At the moment there are three models in the range: the convertible Galaxy Book 2 360, the clamshell Galaxy Book 2 Pro and the Galaxy Book 2 Pro 360, which not only has a name but is also a high-end 2-in-1. You all come with 13-inch screens, with the Pro and Pro 360 also available in 15-inch versions. A fourth “business” model is coming later this year, and it’s the only 14-inch option in the lot, which is interesting considering the laptop industry in general has been moving towards this size.
Like most computers coming out this year, the Galaxy Book 2 runs Windows 11 and is equipped with Intel’s 12th Gen Core i5 or i7 processors. But Samsung’s strength, as always, lies in its displays, and this year’s AMOLEDs can reach up to 500 nits of brightness, making it easier to view in difficult lighting conditions. On a recent evening of hands-on practice in New York, I could not take the machines out to read in direct sunlight as the sun had already set. However, in the brightly lit demo room, as well as under our spotlights, it was easy to watch videos of the Galaxy Books.
As I said in last year, the new model’s 16:9 aspect ratio feels dated at a time when most laptops have transitioned to 16:10 screens. This leaves a thumb-width frame below the display, which could otherwise display at least a few additional lines of text. Still, they all run at 1920×1080, which is likely a more power-efficient option than 4K for devices this thin and light.
I also enjoyed the vivid colors on the AMOLED panels (which support HDR) almost as much as I enjoyed scrawling “I love cake” on them. The Book 2 Pro 360 comes with an S Pen, while the 360 supports it but doesn’t ship with one. The Pro, on the other hand, isn’t touch-enabled and doesn’t work with the stylus. Not much new about the S Pen here – Samsung says it has improved latency, although it hasn’t shared any details beyond that. The stylus is still a separate accessory that you might accidentally leave behind. I miss when Samsung made a smaller version of it in .
Aside from the new chips and brighter displays, the major upgrade for this generation of the Galaxy Book is higher-resolution webcams. Specifically, all three models now offer 1080p cameras, which in my limited experience so far already . Samsung for some reason had aggressive beauty filters built into last year’s Galaxy Book Pro 360, resulting in poorly exposed images from its 720p camera. Thankfully, this time the camera app looked like the standard Windows version, with no weird filters on my face.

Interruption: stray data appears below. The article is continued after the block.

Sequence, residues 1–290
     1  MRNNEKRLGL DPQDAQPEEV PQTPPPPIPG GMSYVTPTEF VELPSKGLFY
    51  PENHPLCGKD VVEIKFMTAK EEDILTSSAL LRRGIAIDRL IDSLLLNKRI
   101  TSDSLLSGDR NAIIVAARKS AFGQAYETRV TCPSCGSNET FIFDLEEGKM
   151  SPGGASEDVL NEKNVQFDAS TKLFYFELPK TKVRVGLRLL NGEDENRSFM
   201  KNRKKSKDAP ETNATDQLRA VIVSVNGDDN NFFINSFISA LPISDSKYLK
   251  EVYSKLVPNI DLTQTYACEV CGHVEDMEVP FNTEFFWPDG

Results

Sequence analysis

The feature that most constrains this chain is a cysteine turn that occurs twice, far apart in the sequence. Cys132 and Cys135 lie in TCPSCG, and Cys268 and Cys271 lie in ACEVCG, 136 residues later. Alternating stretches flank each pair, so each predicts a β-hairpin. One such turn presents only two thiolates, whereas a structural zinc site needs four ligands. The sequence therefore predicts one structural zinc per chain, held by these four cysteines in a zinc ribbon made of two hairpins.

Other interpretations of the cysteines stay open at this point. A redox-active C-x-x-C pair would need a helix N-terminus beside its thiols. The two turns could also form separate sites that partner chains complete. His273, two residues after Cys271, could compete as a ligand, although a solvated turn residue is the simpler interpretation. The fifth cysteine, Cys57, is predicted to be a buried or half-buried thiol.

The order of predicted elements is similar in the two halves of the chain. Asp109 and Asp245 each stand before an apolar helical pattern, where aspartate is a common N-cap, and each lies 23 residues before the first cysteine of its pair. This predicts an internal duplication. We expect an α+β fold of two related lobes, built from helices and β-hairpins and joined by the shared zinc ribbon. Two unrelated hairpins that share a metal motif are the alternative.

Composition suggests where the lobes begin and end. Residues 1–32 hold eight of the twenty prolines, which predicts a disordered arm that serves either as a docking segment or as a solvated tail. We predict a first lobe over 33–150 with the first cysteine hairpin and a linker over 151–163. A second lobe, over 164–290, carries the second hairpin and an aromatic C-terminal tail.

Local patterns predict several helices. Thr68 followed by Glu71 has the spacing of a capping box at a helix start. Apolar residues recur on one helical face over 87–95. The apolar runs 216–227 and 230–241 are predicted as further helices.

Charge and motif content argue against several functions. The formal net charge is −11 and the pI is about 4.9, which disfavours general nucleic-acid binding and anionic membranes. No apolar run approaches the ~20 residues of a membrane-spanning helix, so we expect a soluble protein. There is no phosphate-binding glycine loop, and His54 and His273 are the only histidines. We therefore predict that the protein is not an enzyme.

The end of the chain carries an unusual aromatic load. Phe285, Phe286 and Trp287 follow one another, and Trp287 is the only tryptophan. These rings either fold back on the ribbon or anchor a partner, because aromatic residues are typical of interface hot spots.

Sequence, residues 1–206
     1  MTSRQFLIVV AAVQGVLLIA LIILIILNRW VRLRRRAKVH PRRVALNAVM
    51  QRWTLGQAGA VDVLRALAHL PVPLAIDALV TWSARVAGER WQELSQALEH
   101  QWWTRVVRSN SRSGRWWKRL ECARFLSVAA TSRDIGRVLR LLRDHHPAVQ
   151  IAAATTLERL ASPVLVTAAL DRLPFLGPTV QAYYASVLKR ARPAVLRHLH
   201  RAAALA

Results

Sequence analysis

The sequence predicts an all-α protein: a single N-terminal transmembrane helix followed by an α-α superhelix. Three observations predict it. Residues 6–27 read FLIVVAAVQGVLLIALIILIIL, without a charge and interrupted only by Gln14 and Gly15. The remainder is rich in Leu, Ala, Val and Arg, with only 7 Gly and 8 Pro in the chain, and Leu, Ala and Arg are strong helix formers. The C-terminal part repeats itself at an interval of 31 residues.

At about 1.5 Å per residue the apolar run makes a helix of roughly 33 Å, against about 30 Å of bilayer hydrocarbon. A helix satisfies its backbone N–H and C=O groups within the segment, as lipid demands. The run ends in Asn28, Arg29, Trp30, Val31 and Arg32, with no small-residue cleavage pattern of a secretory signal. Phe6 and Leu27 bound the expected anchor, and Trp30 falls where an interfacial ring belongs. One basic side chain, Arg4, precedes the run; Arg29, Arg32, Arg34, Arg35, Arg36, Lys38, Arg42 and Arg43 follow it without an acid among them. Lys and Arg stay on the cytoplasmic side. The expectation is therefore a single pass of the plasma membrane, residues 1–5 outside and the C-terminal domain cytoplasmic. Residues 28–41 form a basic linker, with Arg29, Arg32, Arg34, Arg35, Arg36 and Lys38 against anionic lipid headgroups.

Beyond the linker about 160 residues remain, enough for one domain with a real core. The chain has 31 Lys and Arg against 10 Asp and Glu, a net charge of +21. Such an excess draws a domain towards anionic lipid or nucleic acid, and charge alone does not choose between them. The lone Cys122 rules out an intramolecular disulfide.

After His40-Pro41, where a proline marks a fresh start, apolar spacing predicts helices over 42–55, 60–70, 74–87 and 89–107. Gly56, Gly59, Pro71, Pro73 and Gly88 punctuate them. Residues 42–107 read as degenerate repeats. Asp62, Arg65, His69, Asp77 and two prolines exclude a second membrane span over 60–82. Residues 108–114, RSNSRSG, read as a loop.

In fact, it seems like Samsung has cleaned up its software in general. Things from previous models like a false privacy screen and a security feature that would snap pictures of people making failed login attempts were nowhere to be seen. That doesn’t necessarily mean they’re gone – I didn’t have time to hunt them down during the hands-on. But the demo units provided a pretty clean Windows 11 experience in my opinion.
The latest new offering in the Galaxy Book 2 is a burgundy color option (limited to the Pro 360) and I’m ashamed to admit that this might be my favorite thing about Samsung’s latest laptops. It’s the same hue as the S22 Ultra, and after years of covering boring silver, black, white, and even copper laptops, I’m just grateful for something that’s not just different, it’s that Nice. Samsung notebooks are among the more colorful, like the Samsung or the . I never thought I could crave a burgundy laptop, but here I covet a PC for it colour.
I also really liked how light and thin the Book 2 Pro is (13-inch version weighs 0.87 kg or 1.91 pounds), and despite its small size, it felt premium and sturdy. Samsung’s laptops may not look as sleek as HP’s Specter series, but they certainly offer some competition to Dell’s XPS or Microsoft’s Surface products.
But back to features that will make a bigger difference in your daily workflow. The 15-inch Book 2 Pro 360 has a comfortable, spacious keyboard and huge touchpad that was responsive during my time with it. I rarely use numpads anymore, but the larger models are here, which might come in handy for those who work with numbers a lot. I also enjoyed typing on the 13-inch versions of the Galaxy Book 2 – there’s enough travel and satisfying feedback.
My main gripe with the Galaxy Book 2 is the $50 price increase. The Book 2 Pro 360 , up from last year’s $1,200, and I’m not sure a brighter screen and sharper webcam alone is worth the difference. I would also need to test these devices longer to measure their real world performance and determine things like battery life and thermal efficiency. The good news is there’s still time – pre-orders start March 18th, availability starts April 1st. The Galaxy Book 2 360 starts at $900 and won’t be available until April 1, while the Book 2 Pro is available for $1,050.
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